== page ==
Eligible users in the first five mainland sites of the National Broadband Network (NBN) could potentially choose from 12 retail service providers (RSP) who have signed agreements with the network wholesaler to provide access on the network.
The RSPs, which include many of those already offering services in Tasmania, will undergo on-boarding processes onto the network ahead of a September go-live date for the first mainland sites.
Armidale will be the first of the five test sites to begin testing the network, with iiNet, Internode, iPrimus and Telstra - all of which have already begun offering services to users in Tasmania - running preliminary tests over the network at the release sites with a limited set of end-users.
“These four RSPs are expected to be the first to connect customers to the national broadband network on mainland Australia when they begin connecting customers as part of the end-user trial to begin in Armidale in the near future," NBN Co's head of product development and sales, Jim Hassell, said in a statement.
“The trial will extend to the other first release sites in the months following to eventually cover several hundred end-users,” he said. “This testing phase is a critical step in building the network, working with RSPs and integrating our operating systems as we aim to provide the best possible service when commercial services commence.”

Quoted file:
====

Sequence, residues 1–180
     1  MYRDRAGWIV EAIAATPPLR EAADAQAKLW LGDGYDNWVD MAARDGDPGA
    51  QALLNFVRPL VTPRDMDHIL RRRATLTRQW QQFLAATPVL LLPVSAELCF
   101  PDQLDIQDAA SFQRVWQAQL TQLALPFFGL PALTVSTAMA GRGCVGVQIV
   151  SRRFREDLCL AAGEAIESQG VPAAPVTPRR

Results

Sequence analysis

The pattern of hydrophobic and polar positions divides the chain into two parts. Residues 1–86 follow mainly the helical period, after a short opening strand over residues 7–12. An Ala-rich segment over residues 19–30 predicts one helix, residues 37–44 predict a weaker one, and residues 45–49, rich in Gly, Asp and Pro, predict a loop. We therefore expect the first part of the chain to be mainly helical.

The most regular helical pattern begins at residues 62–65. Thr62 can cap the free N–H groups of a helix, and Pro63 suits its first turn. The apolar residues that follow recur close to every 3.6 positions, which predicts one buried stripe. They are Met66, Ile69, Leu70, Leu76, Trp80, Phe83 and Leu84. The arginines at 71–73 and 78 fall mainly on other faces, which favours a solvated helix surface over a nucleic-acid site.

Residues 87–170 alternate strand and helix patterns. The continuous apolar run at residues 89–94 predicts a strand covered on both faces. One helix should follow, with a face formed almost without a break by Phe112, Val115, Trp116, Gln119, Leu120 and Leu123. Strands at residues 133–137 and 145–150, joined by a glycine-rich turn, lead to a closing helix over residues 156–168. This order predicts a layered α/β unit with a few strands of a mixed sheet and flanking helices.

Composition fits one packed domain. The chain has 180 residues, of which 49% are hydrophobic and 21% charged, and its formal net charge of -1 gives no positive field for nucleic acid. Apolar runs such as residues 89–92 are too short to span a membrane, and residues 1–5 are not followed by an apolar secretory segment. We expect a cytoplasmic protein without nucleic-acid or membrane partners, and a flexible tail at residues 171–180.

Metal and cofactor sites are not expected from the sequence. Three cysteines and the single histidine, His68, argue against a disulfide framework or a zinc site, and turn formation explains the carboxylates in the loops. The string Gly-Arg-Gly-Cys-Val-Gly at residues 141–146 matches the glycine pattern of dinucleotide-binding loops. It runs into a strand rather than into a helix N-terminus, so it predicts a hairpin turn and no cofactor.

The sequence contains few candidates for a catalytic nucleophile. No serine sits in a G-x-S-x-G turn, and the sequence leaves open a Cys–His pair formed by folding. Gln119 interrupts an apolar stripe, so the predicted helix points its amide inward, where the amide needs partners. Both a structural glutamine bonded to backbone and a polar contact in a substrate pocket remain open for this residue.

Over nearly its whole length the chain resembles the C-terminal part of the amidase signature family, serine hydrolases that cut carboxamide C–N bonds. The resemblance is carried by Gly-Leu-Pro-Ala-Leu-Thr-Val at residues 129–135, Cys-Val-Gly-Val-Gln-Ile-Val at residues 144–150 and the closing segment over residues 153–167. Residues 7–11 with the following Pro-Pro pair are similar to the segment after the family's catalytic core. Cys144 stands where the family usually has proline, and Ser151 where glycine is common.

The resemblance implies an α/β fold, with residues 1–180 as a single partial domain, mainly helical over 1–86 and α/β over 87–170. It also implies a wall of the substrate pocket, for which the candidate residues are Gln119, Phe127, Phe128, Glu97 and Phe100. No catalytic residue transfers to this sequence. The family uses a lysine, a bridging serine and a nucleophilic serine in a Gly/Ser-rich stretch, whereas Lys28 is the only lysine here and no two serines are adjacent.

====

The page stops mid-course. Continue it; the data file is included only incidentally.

The remaining eight RSPs will begin the on-boarding process, by which NBN Co works with RSPs to prepare them for accessing the network effectively, in preparation for participation in the first release site end-user trials.
According to Hassell, the 12 RSPs chosen represent 95 per cent of the existing market in the first release sites. However, it is unclear whether all RSPs will provide services to all five release sites. Education network provider, AARNet, for instance, is likely to provide services at the University of New England campus at Armidale, but it remains unknown whether it will on-sell NBN services to other sites. The RSP was contacted for comment.
Brisbane-based Comscentre, one of the RSPs chosen, said it would largely targeted its existing customer bases of businesses for services under the NBN.
“This is great news for Comscentre and our business customers who will gain a competitive advantage from the increased speeds available from the network," Comscentre managing director Ben Shipley said in a statement. "We look forward to being one of the first service providers on the mainland to deliver this technology.”
Hassell said the opportunity remained open for other RSPs to offer services on the network. The 12 RSPs include:
- Nextgen Networks
- Platform Networks
Internode managing director, Simon Hackett, said in a statement that the provider supported the NBN as the best way to future-proof telecommunications in Australia for the next 50 years.
“Accordingly, Internode is very committed to the NBN and expects to engaged with NBN Co in every new service area on the day that each service area opens up in the future,” he said.
Follow Chloe Herrick on Twitter: @chloe_CW
Follow Computerworld Australia on Twitter: @ComputerworldAU